Sigberg Audio SBS.1 Active Loudspeaker Review

Sigberg Audio

Sigberg Audio

Audioholic Intern
Right now, mainly just the simple stuff. What is your design goal and target performance metric. What are the basics of the drivers... you know, a little more of a tease to go with the cool photo! ;) You should save some secrets for the big reveal when it's ready to go.
I only stumbled on the ASR thread by chance just the other day and haven't had a chance to dig into it yet... ASR isn't home to me the way AH is. :)
Design goals are somewhat similar to the SBS.1, but turned up to eleven (12" midbass driver), and this time a 3-way since the 12" has enough power on its own. And it will also to my knowledge be the first dual cardioid hifi speaker unless someone beats us to it. Both the coax (midrange) and the midbass driver are in individual, cardioid loaded chambers, which makes for a more efficient system than when a single driver have to cover multiple octaves. So it will reduce the energy to the sides and rear, reducing reflections and room interactions. It sounds amazing. :) And again no deep bass, so it's essentially a 4-way system when you count the subwoofer.

http://instagr.am/p/CdOqyJUs3Hz/
 
ryanosaur

ryanosaur

Audioholic Warlord
Design goals are somewhat similar to the SBS.1, but turned up to eleven (12" midbass driver), and this time a 3-way since the 12" has enough power on its own. And it will also to my knowledge be the first dual cardioid hifi speaker unless someone beats us to it. Both the coax (midrange) and the midbass driver are in individual, cardioid loaded chambers, which makes for a more efficient system than when a single driver have to cover multiple octaves. So it will reduce the energy to the sides and rear, reducing reflections and room interactions. It sounds amazing. :) And again no deep bass, so it's essentially a 4-way system when you count the subwoofer.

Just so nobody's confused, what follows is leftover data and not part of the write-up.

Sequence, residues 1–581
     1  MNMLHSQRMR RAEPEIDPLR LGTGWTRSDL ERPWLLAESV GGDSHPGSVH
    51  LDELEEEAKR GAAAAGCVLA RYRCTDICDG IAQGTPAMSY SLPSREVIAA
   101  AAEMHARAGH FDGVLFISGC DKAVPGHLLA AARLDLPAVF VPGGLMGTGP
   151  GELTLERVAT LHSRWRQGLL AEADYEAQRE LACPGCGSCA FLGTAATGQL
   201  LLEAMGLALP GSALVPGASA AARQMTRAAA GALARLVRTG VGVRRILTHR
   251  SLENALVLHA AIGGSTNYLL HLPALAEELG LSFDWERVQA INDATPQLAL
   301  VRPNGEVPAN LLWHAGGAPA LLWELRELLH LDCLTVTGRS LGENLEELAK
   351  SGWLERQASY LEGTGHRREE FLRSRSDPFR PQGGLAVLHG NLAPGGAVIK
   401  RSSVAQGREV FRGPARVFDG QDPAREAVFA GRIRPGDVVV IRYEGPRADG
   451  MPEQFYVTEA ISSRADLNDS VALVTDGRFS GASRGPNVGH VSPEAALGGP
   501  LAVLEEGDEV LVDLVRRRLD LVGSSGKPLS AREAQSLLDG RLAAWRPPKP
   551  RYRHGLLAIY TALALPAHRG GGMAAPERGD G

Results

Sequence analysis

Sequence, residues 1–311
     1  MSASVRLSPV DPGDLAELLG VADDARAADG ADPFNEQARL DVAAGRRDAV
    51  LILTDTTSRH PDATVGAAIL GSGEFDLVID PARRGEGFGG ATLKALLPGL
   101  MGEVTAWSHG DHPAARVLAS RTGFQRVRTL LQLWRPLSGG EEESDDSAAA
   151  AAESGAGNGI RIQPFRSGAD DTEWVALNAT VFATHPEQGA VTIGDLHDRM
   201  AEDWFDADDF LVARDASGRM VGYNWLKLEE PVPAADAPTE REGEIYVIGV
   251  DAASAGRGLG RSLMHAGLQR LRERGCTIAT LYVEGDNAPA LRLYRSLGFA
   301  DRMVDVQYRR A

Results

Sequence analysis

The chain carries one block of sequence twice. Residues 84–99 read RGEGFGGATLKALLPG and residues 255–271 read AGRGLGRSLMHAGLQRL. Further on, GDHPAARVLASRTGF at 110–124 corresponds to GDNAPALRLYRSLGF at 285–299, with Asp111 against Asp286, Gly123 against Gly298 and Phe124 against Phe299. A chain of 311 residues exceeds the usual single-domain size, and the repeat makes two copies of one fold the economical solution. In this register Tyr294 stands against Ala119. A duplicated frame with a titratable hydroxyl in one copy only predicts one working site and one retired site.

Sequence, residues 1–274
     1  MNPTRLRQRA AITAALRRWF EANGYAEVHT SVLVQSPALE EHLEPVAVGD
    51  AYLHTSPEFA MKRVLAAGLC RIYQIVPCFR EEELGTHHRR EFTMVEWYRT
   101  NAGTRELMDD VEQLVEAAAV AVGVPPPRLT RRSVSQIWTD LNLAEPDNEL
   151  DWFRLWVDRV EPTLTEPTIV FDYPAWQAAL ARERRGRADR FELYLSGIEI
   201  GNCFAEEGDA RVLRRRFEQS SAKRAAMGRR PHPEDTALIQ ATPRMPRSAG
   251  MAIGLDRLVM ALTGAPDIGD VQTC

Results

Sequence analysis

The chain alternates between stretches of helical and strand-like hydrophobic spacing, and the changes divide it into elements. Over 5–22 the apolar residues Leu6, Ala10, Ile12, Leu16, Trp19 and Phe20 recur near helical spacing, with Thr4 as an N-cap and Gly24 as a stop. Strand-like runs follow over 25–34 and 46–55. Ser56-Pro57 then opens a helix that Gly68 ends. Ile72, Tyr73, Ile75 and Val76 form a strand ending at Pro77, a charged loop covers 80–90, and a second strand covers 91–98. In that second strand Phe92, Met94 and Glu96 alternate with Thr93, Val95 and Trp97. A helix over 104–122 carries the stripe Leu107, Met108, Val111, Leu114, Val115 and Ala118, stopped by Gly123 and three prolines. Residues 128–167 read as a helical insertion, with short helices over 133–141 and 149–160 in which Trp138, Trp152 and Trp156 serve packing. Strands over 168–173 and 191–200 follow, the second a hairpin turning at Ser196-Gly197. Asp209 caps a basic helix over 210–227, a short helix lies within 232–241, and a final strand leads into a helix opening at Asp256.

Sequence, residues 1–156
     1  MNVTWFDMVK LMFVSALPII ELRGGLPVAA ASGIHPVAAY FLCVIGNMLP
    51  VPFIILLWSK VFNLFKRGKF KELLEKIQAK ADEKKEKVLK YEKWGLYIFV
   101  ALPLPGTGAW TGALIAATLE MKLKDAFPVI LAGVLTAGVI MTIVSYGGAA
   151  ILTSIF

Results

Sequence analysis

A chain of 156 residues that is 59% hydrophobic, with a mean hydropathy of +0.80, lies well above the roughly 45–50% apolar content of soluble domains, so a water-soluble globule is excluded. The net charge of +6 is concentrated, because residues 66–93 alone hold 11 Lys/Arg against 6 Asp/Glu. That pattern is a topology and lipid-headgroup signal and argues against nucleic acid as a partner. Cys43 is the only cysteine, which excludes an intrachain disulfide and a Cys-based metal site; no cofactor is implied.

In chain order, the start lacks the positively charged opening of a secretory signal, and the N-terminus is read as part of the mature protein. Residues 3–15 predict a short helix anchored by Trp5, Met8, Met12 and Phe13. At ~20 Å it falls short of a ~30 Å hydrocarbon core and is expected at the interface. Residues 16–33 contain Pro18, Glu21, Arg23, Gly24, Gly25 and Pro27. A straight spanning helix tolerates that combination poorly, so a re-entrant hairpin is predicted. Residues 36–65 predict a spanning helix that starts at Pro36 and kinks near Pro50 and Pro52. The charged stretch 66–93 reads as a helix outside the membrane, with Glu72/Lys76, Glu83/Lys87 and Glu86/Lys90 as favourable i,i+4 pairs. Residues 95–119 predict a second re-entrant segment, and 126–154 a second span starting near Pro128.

http://instagr.am/p/CdOqyJUs3Hz/
Very cool. Thank you for the added info!
 
BoredSysAdmin

BoredSysAdmin

Audioholic Overlord
How do you value R&D? Building and testing Prototypes. How many Drivers may have passed through their hands in the process of choosing what to use? Turning on the lights in their shop?

In the DIY world, I see a lot of people looking for the best buy for their dollar; always hoping to find $20 drivers that will do the job of $100 drivers. In fact, $100 Drivers are generally regarded as Premium Drivers.
The art, of course, is in the integration you achieve. But that is selling Skill and Technique short.
What else happens in the DIY world? People don't account for internal wiring, screws, glue, saw blades and router bits, clamps, damping material, sandpaper, paint, soldering irons and solder, the cost of XO components when used instead of a DSP Amp...

Anyway, let's not forget the need of a business... any business venture... to turn a profit... hopefully.